Rail: Let’s dive into Medea. We are going back now to the very origins of theater as we know it—Ancient Greece. What compelled you to retell this story at this day and age? How did you find a way in that feels relevant to you and the present-day audience?
Stone: The reason I choose particular plays is always a bit curious. You go looking around at subject matter and see if you can find a way to make it match the contemporary moment. Ivo van Hove asked me to do it for him five years ago, and I said yes. And then, you know, I went looking for the contemporary instances of people behaving like Medea. I ended up finding a series of women who had all done that fairly exceptional thing that Medea does. Most women don't behave like this; it's an incredibly rare thing for a mother to kill her own children, but that makes the case studies all the more interesting. How can we look at the series of circumstances that drove someone to that? As opposed to just writing them off as a psychopath—because that's a very easy thing to just casually do. My sister is a psychiatrist, and we would have arguments about this until I started to see her point of view, which is: there is no such thing as a psychopath. Even our classical psychopath, there was something that happened to that person at some point, somehow, that drove them to it. We don't like to think about it, as a society, in that way because we like to shirk that responsibility. We like to say, “It has nothing to do with the way our world works; there are good people and there are bad people.” Actually, what's really interesting from that point of view are the things that we overlook as a society—the ways that we treat women, especially around motherhood, and the expectations around that. Even more so, when a woman succumbs to postpartum depression, and the way she becomes marginalized—are there ways that we could be preventing a future Medea from coming into existence? That's what I ended up writing a play about: the pressure of motherhood on a successful, highly intelligent woman, the marginalization of someone losing her career, someone who used to define herself entirely by that—and the way that the sensitivity of brilliant minds can often be exactly what leads to moments of psychosis, the kinds of which end up in events like those that happened in the original play. Even if you look at the original source material, you are dealing with a brilliant woman, an overachiever, who did everything for her husband, while he was kind of like just trundling along behind. It's interesting, when you start doing research into cases of this, to realize how Euripides in an era 2000 years before psychoanalysis could tap into that.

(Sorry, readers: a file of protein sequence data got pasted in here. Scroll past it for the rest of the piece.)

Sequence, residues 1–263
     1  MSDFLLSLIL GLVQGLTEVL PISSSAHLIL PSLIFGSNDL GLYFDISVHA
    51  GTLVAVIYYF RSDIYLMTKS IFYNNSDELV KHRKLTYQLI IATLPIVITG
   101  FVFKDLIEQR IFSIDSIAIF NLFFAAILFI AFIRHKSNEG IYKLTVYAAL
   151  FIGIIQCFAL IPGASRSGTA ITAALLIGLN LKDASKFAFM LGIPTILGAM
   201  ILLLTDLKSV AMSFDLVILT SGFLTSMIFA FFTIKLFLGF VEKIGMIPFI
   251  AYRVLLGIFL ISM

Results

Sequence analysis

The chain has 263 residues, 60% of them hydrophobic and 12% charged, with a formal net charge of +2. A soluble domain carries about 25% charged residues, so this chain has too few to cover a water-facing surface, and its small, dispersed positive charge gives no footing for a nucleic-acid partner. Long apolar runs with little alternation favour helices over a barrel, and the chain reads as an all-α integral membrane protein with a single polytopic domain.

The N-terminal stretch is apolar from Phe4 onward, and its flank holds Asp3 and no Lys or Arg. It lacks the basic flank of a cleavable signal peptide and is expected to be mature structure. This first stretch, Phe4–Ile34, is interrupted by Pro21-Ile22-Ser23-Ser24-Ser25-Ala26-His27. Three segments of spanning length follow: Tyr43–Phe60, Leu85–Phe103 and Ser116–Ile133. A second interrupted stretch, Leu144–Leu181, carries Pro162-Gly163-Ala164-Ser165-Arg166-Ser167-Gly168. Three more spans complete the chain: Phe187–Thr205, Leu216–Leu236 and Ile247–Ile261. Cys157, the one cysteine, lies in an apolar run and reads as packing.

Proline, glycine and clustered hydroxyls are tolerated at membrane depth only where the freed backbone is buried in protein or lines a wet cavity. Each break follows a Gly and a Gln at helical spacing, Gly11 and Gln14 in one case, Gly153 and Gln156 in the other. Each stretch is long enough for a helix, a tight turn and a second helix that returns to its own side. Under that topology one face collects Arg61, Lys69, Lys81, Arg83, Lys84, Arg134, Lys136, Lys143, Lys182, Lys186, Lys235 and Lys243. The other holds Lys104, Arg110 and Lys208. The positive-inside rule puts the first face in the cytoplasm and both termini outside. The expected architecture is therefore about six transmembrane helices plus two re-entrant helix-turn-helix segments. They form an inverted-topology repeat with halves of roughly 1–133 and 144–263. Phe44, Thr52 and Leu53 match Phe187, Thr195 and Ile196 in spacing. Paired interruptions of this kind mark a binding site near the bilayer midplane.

Rail: You have originally staged Medea at the Internationaal Theater Amsterdam. In New York, the leading roles are played by two extraordinary actors—Rose Byrne and Bobby Canavale—who are partners in real life as well as on the stage. What has it been like to collaborate with them on this version of the show?
Stone: I always love working with actors who can throw themselves very spontaneously into a moment and never need to feel why they need to repeat it. They are my ideal kind of actors—they reinvent themselves constantly and it's always about the truth of the moment. They are technically brilliant as well. That's the other thing, there's a lot of very wild, spontaneous actors who can't also think technically, but I need that from them, and [Byrne and Cannavale] can do both which is kind of extraordinary. I mean when you make the kind of work that I do, which is simultaneously aesthetically minded, but also very much centered on the performer, you need actors who can switch between the image and the moment, who can go "Yeah, I'm supposed to stand there," but then also just go completely wild when you want them to lose it. And they do that.